Part of my problem is that Gerrold seems to be unsure of the consequences of time travel himself (w
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Maggie K
Sep 25, 2013 Maggie K rated it really liked it  ·  review of another edition
So much to think about here...this ended up being a lot more thought provoking than I thought it would be.

I usually don't care that much for the first person POV, but here it essential. The paradoxes are alarming to me, yet not the normal ones you would think...the internal paradox is what's focused on here.
Kevin Richey
Mar 02, 2012 Kevin Richey rated it it was amazing  ·  review of another edition
Every now and again I stumble on a book that is highly original that I’ve never heard anyone talk about, but for those that have read it, it’s like being initiated into a cult. Sometimes they’re under-read classics like Goethe’s The Sorrows of Young Werther or Edgar Lee Masters’ Spoon River Anthology. Sometimes they’re surprisingly good lesser works by great modern authors, like Patrick Süskind’s The Pigeon. But today I came across what was apparently a bestseller upon its release, and still con ...more
Xandra
*Unavoidable SPOILERS. All the reviews for this book are full of them.*

What would you have done if you’d inherited a time belt at 19? Gone back in time and gotten rich, for one. Spent hours pondering time paradoxes. Had a nice, quiet dinner with yourself. Traveled through every age. Witnessed the most important events in history. Done some dusting and cleaning in order to improve the past. Seen Jesus. Drunk Coke in Pompeii. Stolen baby Hitler. Had sex with yourself.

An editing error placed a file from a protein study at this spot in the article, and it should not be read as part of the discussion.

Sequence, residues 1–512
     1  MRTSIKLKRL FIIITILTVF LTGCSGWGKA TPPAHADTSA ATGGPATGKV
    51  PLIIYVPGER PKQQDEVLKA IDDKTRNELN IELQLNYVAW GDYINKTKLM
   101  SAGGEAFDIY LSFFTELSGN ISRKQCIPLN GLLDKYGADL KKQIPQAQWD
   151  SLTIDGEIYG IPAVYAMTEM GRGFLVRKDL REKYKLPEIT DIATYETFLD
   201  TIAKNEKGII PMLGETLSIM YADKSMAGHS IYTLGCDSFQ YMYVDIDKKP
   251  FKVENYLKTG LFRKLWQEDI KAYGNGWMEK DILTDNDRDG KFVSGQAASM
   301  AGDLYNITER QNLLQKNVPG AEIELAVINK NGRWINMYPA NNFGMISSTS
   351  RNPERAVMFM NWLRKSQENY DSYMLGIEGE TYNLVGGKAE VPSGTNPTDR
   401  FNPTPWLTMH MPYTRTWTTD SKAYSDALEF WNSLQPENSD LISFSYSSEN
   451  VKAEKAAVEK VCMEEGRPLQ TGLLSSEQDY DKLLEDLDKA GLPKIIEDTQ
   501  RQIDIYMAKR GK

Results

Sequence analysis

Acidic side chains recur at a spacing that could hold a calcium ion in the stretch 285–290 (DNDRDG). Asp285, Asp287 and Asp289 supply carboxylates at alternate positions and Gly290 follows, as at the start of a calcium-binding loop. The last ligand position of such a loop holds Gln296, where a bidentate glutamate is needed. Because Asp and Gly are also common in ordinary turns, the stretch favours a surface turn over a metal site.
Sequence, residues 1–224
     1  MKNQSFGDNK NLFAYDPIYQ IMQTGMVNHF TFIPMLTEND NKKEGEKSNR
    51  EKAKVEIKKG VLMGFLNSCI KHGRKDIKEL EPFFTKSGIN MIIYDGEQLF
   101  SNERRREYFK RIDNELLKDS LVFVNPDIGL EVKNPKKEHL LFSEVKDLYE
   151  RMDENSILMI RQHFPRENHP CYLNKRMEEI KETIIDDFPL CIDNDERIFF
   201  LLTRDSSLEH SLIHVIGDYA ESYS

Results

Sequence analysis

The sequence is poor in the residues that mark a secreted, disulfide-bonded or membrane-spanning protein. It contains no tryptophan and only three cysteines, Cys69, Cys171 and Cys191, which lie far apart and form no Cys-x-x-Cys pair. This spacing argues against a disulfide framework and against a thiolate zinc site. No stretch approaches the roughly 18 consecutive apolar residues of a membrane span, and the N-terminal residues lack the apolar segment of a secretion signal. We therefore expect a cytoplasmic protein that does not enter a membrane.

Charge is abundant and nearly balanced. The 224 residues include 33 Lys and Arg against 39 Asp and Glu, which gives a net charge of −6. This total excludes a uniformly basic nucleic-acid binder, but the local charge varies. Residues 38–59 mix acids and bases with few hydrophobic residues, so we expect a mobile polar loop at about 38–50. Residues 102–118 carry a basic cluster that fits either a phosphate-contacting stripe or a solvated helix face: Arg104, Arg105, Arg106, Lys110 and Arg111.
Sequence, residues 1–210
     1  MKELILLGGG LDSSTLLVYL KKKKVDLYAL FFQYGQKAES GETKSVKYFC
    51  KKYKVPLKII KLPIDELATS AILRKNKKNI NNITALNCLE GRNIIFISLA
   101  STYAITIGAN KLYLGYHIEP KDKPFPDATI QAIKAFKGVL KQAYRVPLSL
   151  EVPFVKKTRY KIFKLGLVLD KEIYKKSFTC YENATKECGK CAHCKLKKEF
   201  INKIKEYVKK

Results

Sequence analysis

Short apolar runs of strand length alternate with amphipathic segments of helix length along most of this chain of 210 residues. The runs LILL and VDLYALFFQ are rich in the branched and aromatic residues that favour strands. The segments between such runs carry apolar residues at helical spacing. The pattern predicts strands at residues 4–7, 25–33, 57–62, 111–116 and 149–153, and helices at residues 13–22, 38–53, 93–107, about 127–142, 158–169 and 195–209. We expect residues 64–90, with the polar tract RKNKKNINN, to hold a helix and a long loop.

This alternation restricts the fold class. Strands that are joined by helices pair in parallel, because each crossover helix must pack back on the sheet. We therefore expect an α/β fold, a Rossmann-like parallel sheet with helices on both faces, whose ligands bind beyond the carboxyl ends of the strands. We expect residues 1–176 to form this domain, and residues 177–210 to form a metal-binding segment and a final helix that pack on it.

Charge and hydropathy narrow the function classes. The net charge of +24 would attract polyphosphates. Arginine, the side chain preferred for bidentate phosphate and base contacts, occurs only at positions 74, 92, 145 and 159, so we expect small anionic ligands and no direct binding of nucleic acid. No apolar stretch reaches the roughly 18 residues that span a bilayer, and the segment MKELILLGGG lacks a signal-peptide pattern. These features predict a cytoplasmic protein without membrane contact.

Wait, what?

Okay, probably not
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Dennis Liggio
May 19, 2010 Dennis Liggio rated it it was amazing  ·  review of another edition
One of the quintessential time-travel novels. This one leaves behind questions of how or an emphasis on how hard it is. The narrator is given a time travel belt that is easy to use, with no drawbacks, and time paradoxes are not possible. Instead, changes are additive, so the last change made sticks. Meaning, if he makes a mistake, he can (and often did) go back and tell himself not to do that. He can also freely talk and hangout with past selves.